Some state and local governments have taken the lead in moving private employers forward. In California, a new law relies on the state's temporary disability insurance program to fund up to six weeks of paid family medical leave, with wages replaced at 55 percent of salary up to a cap. The program is financed through employee contributions. Last November, voters in San Francisco approved a referendum ensuring up to nine paid sick days for workers. In Florida, a 2006 statute authorizes the governor to institute a "family friendly workplace initiative" to identify, recognize, and publicize the practices of the state's most family-friendly employers.
In Congress, meantime, a bipartisan Senate Caucus on Children, Work and Family was launched in January to "bring national attention to the 'kitchen table' issues that impact … families and our economic security" and promote "policy solutions to improve the lives of all Americans."
Each of these efforts represents a good start. Ideally, they'll spur national, state, and local conversations that should include efforts to establish the following:
Paid leave. Now pending or expected soon in Congress are several measures that could dramatically improve things for working parents. The Healthy Families Act, for example, would guarantee seven paid sick days a year for most full-time workers (and a pro rata amount for part timers) nationwide. Other proposals would mandate paid family and medical leave, with between six and 12 weeks of benefits. A national nonprofit group, Take Back Your Time, just launched a vigorous campaign to push for congressional hearings on annual leave. Congress should take action on each of these important initiatives in this session.
Child-care funding. Employers will argue that they can't afford bigger-ticket benefits like child care (and parental leave). If that's true, then it's high time for business leaders to make this case to Uncle Sam. Corporations should advocate these supports, just as many have gotten behind universal health care. For every seven children federally eligible for public child-care subsidies, only one receives assistance. Business should take a lead in securing more funds for the Child Care Development Block Grant, which has essentially been flat-funded since 2002 -- leaving fewer working parents with help.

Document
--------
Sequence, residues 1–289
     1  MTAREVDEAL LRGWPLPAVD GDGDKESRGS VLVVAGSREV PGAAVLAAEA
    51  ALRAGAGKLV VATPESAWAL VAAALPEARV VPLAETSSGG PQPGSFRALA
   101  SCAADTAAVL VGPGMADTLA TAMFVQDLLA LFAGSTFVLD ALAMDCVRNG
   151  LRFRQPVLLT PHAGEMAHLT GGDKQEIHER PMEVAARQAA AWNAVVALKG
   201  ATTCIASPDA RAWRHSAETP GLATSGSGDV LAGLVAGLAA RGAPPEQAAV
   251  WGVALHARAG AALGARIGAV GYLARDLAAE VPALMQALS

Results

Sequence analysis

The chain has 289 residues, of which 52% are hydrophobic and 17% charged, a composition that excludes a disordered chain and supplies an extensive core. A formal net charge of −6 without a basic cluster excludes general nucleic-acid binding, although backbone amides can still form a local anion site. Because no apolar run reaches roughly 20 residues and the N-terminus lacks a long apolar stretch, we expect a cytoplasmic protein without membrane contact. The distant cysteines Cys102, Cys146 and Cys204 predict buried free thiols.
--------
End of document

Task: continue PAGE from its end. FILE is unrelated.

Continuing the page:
Stable schedules. Millions of workers hold jobs that seem anti-family because the time at work is erratic. Mandatory overtime, shifting schedules, and last-minute demands can throw child-care arrangements, not to mention parenting time, into a tailspin. The implications of these destabilizing work conditions are poorly understood. An authoritative body like the National Academy of Sciences should undertake a full review and appropriate legislative remedies should be pursued.
Part-time equity. Part-time workers, even those with the same duties as full timers, tend to have the least access to family-friendly options. Public policies could help here, as they have in the European Union, to ensure that part-time employees are not discriminated against and have greater advancement opportunities, for example -- and to otherwise improve the quality and rewards of part-time work. Passing the Part-time and Temporary Workers Benefits Act, now before Congress, would take on these important issues.
Recognition for best practices. Congress could offer competitive grants to spur state and local efforts to make their workplaces more responsive. Another interesting model is a Wage and Benefits Metric developed by the Northwest Area Foundation, which allows community leaders to assess the quality of jobs offered by a company -- so when a new company comes to town, for example, there's a way to determine if it deserves a tax credit based on the quality of jobs it will produce. This new online tool (www.jobmetric.nwaf.org) could be expanded to measure whether the employer offers a responsive workplace, and communities could use it when choosing between employers competing for government contracts or credits.
Businesses that are family friendly can improve their bottom line. That's essential. But it's not enough to ensure that workers, particularly lower-wage workers, will have the working conditions they need to meet responsibilities on the job and at home. Government should partner with business to foster responsive workplaces and should set minimum standards for working conditions that include paid leave. That way our nation can sustain not only its productivity but also what it values most: families and fairness.
Jodie Levin-Epstein is deputy director of the Center for Law and Social Policy. For an expanded report on this subject, see "Getting Punched: The Job and Family Clock."